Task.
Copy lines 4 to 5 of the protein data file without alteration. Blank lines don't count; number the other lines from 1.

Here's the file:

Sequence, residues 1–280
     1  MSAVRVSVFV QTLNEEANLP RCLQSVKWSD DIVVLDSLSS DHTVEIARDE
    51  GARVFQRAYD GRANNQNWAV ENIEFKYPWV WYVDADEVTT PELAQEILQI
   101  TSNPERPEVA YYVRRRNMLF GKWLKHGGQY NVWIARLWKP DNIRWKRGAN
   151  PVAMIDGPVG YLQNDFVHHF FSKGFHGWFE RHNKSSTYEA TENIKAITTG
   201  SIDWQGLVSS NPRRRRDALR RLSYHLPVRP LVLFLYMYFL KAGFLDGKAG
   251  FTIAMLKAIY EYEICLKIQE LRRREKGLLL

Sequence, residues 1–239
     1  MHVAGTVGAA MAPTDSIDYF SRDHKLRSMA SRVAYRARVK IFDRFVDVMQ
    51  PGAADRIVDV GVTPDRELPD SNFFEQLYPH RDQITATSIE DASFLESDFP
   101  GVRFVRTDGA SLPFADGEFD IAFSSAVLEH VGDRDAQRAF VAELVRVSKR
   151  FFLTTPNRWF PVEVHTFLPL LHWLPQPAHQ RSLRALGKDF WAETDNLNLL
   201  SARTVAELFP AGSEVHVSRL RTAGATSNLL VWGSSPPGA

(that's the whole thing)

   101  TSNPERPEVA YYVRRRNMLF GKWLKHGGQY NVWIARLWKP DNIRWKRGAN
   151  PVAMIDGPVG YLQNDFVHHF FSKGFHGWFE RHNKSSTYEA TENIKAITTG